Desk. That object in front of, many of us perform our daily worship of the gods of capitalism. We work, we study, we relax. The desks I have available to me on my overnight shifts are small, barely room for my work needs and nothing more. Somehow I squeeze my laptop on there, allowing me to keep myself occupied and awake. If it were any smaller, there would not be room for many normal people to sit, while keeping useful storage space in the drawer below. Me, I’m over two meters tall, so any semblence of comfort, let alone ergonomics is destroyed by both my size and the desk’s lack of. Attempting to sit with my legs under the desk would require either dropping my seat to the lowest height setting, or me constantly knocking my knees on the fittings underneath.
I can’t even call it “my” desk, since it’s not mine in any sense of the word. I arrive at work, and there are quite a few to choose from. I can’t leave anything at the desk, since this isn’t the normal “day shift” floor for my department, and everyone sits at any desk they like. Personalisation of the desks with trinkets and belongings would be a travesty beyond belief, breaking the rules and possibly instilling some life into the boring surrounds we have here.
On this level, on the overnight shift, my department has eleven desks to choose from, and tonight there’s at least three that aren’t working. From the remaining eight, there are four that I don’t like sitting at since I don’t like being watched from the other end of the room. That leaves four seats that I can sit at, and when there’s someone else on the overnight, I have to be quick and get the one I like, since sitting right next to someone for eight hours is hard when you don’t really want to talk to them.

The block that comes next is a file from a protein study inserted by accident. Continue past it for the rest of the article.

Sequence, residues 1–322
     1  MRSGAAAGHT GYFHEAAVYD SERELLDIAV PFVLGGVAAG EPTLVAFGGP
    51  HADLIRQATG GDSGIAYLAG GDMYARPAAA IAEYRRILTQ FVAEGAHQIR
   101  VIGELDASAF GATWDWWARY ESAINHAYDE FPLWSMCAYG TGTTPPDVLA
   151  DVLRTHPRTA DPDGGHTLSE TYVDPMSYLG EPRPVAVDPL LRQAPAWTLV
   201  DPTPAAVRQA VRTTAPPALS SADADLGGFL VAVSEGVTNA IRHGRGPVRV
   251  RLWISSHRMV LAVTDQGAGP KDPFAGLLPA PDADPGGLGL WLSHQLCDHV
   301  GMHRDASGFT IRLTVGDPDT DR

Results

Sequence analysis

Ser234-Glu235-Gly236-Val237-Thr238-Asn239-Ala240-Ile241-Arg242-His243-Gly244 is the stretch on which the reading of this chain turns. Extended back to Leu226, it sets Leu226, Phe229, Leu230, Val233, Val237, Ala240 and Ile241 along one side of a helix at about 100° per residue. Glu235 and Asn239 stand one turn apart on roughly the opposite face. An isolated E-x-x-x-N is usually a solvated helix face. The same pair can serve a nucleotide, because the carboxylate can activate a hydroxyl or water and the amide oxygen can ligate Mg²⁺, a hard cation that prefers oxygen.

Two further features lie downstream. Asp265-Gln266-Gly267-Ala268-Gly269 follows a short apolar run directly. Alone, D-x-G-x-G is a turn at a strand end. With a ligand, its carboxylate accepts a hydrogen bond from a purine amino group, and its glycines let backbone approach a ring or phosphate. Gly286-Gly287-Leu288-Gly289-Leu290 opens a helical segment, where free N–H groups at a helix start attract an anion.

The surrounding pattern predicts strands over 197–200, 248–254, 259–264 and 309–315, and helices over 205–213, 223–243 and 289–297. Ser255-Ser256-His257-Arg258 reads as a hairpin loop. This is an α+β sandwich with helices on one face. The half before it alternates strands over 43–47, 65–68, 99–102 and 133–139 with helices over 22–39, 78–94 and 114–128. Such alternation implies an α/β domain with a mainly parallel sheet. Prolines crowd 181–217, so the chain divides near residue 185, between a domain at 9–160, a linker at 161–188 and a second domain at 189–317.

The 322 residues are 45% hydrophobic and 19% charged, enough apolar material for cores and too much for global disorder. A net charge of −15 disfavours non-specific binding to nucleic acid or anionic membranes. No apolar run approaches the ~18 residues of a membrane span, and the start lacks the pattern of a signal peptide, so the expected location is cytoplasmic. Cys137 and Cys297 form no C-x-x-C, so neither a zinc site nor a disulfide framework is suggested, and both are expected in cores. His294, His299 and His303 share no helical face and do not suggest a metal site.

I sit here, night after night, reading my book, writing my ramblings, and getting paid to wait for someone to call in with an inane request. So far I’ve been here tonight for six hours and forty-eight minutes, going by the clock built into the phone on my desk, and only fifteen people have called. Four hundred and eight minutes, fifteen calls. That’s an average of twenty seven minutes, twelve seconds between a call. Realistically, a lot of those calls were before midnight, since there are relatively few reasons for people to call after that time, since “normal” people are asleep.
It’s been rather quiet for a Saturday night, since normally there’s a lot of people calling to report their handsets lost while out on the town, or whatever people do on the night of a weekend. All the calls have been relatively simple, people asking for their balances, checking on things on their account and so forth, the usual sort of stuff. It’s nearly 5am here, so that means for the most part it’s 6AM for our customers, daylight savings time making people get up early and so forth. Typically there’s a higher amount of calls after this point, since the blue collar workers will be arising, making ready for their days at work, and doing things like paying bills and finding their phones gone after the previous night out on the town. I can’t wait, you can see the excitement in me building already, can’t you?
Time’s flown past relatively quickly tonight, and I’ve nearly finished the book that I started reading in the evening before my shift. It’s Isaac Asimov’s Nightfall Two, a book published in 1971, published by Panther Science Fiction. A collection of the master of Science Fiction’s short stories, each with a small passage about it written by the author to give the reader something more to think about. I’m finding it a pleasant read, as most of Asimov’s novels are.
I think I might go back to it, and leave you with a picture of my desk. Or should I call it a chicken coop, since that’s what many call it when looking upon my tiny grey portal to terrible ergonomics.